Cyber Essentials – A holistic approach to reducing the risk of cyber-attacks
It may be surprising to learn that a well-designed computer system that is not connected to the internet can still be compromised by a cyber-attack. For example, ‘sleeper’ malware implanted during the design of a digital system can manifest itself many years later. The damage caused by such cyber-attacks can be significant and has been well documented following high profile incidents in recent years. As cyber-attacks become more sophisticated and continue to evolve, how can we best reduce the risk and assure ongoing cyber security?
WHAT IS CYBER SECURITY?
Cyber security is a collective term used to describe the measures put in place to reduce the risk associated with cyber-attacks. It has been around for about half a century since the advent of computers and the invention of the internet. Initially focused on the protection of Information Technology (IT), cyber security has evolved to embrace Operational Technology (OT) as digitalised industrial automation and control systems have become prevalent.
Over the years considerable effort has been expended in managing the cyber threat via design measures, such as air gaps and fire walls, but with the ever changing landscape of cyber-threats, which are evidently able to infiltrate IT and OT, it is essential to widen the focus if we are to effectively manage the risk.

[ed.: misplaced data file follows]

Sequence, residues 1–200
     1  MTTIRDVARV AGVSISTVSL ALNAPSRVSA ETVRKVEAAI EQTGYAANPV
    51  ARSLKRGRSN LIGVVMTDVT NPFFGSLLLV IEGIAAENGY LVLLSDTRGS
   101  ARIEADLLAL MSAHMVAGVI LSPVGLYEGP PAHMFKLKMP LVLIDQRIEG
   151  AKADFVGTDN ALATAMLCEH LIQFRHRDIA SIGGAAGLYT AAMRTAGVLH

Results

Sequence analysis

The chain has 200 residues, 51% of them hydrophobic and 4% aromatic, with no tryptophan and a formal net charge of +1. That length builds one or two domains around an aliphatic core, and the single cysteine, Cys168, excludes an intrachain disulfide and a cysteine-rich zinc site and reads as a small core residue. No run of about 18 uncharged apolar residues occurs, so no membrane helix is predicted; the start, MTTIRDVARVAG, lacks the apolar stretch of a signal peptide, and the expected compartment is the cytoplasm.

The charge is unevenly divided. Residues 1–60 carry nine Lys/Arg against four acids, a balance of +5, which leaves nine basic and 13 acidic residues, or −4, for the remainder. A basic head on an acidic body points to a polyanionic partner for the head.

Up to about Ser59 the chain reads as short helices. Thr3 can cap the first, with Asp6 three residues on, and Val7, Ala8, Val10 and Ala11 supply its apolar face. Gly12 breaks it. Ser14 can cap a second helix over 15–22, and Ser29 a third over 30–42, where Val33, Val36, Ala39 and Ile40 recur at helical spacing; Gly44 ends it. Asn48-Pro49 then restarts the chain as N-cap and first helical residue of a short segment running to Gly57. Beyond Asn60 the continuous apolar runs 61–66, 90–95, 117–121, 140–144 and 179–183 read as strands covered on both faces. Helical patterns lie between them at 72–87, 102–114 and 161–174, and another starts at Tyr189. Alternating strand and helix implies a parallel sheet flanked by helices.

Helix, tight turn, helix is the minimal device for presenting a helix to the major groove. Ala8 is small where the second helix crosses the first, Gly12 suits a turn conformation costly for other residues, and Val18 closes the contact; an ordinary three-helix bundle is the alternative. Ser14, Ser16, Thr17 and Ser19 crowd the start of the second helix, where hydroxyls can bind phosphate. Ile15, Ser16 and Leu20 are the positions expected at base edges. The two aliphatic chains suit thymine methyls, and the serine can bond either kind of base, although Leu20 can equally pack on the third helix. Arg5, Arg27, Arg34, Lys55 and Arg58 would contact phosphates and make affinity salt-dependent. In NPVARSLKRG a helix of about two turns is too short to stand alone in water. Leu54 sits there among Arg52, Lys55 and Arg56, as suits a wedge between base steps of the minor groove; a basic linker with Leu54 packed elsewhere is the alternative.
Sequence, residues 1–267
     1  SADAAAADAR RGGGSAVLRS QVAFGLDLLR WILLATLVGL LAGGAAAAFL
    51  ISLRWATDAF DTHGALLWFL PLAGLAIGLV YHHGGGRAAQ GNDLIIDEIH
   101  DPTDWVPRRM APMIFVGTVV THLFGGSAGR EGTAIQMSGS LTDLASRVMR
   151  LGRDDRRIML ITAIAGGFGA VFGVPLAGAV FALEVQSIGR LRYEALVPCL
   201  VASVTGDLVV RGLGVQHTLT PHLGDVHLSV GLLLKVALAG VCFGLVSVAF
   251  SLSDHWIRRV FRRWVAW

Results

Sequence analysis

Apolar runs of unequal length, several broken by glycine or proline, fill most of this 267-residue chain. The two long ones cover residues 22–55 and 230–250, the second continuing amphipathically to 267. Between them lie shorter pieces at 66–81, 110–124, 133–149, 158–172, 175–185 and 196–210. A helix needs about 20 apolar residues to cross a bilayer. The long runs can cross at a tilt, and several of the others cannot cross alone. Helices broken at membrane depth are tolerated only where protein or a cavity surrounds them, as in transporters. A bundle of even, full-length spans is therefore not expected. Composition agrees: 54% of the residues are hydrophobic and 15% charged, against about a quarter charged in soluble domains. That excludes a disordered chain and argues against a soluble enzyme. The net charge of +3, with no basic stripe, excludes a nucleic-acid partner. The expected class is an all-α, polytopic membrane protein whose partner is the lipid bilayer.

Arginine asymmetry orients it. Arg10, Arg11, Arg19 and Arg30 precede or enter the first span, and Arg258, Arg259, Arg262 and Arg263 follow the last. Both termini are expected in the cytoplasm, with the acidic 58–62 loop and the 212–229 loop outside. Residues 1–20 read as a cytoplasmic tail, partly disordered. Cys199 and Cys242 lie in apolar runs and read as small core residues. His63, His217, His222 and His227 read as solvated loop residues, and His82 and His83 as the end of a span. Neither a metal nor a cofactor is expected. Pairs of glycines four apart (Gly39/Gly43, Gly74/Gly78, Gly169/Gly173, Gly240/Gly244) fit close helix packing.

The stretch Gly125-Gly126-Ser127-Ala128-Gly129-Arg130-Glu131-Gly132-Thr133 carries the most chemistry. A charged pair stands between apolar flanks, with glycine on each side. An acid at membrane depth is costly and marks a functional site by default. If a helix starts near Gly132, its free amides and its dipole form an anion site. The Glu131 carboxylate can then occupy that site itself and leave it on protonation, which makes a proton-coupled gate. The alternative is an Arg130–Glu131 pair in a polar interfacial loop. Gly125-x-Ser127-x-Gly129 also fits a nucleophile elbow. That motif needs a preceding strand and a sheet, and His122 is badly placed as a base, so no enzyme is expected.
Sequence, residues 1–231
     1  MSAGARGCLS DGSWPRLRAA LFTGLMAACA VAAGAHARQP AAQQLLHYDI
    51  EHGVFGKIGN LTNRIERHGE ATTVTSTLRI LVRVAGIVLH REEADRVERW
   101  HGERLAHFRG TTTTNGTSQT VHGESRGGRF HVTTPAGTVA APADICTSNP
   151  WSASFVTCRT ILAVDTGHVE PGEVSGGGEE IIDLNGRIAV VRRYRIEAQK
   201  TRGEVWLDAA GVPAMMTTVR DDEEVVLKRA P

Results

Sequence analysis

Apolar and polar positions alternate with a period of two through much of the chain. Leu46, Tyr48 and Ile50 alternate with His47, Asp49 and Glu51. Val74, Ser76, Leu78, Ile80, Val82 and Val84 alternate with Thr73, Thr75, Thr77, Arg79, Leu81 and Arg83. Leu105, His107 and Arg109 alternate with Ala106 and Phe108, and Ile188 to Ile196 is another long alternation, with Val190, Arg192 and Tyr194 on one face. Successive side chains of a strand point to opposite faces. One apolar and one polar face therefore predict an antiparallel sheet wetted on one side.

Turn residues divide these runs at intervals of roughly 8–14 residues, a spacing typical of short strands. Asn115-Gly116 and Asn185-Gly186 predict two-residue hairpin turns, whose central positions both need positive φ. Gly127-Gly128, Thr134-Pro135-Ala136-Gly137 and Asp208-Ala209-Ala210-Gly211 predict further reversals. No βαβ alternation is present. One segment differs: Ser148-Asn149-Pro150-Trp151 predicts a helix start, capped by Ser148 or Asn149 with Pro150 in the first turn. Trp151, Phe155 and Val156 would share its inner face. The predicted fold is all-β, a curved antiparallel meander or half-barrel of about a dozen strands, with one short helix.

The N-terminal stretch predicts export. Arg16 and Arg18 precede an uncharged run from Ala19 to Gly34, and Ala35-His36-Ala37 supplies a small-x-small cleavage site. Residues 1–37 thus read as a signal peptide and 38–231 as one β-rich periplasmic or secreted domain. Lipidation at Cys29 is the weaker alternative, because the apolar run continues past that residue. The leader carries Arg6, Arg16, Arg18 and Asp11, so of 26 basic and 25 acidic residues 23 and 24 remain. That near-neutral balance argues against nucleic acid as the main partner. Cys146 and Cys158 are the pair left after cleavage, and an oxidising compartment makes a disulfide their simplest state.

The holistic approach incorporates the three complementary cyber security risk reduction enablers illustrated in Figure 1, namely design, management systems and culture, applied throughout the IT or OT lifecycle; and integrates with physical aspects of security.
Figure 1 – Cyber security risk reduction enablers
SECURE BY DESIGN
Design is potentially the most effective of the three enablers. It is best considered alongside a cyber security hierarchy of controls (see Figure 2) to help prioritise possible cyber security measures.
Figure 2 – Cyber security hierarchy of risk controls
The preferred option during design is to eliminate the potential for a cyber-attack (e.g. design analogue or passive OT systems) or eliminate paths for cyber-attacks (e.g. system not connected to the internet or other IT systems). Next, consideration should be given to reducing cyber-attack paths in the design of the system (e.g. reduced number of logical entry points).
Design robustness is crucial. It includes the design of a defensive system architecture as well as software programming measures to ensure system confidentiality, integrity and availability. A cyber security risk assessment (CSRA) of the system design against a broad range of threat actors and sources, including blended cyber and physical attacks, will identify the need for any additional requirements.
These may lead to active systems (e.g. system monitoring) and/or control measures (e.g. procedural security measures or applying the principle of least privilege) and/ or physical security measures (e.g. hardened cabinet for digital equipment or physical port blockers for connection points).
Effective cyber security requires cyber security processes and procedures to complement the design measures. These need to be in place and followed not only during the use of the OT/ IT system but throughout its entire lifecycle, from initial concept, design and manufacture, right through to operation, upgrade and eventual removal.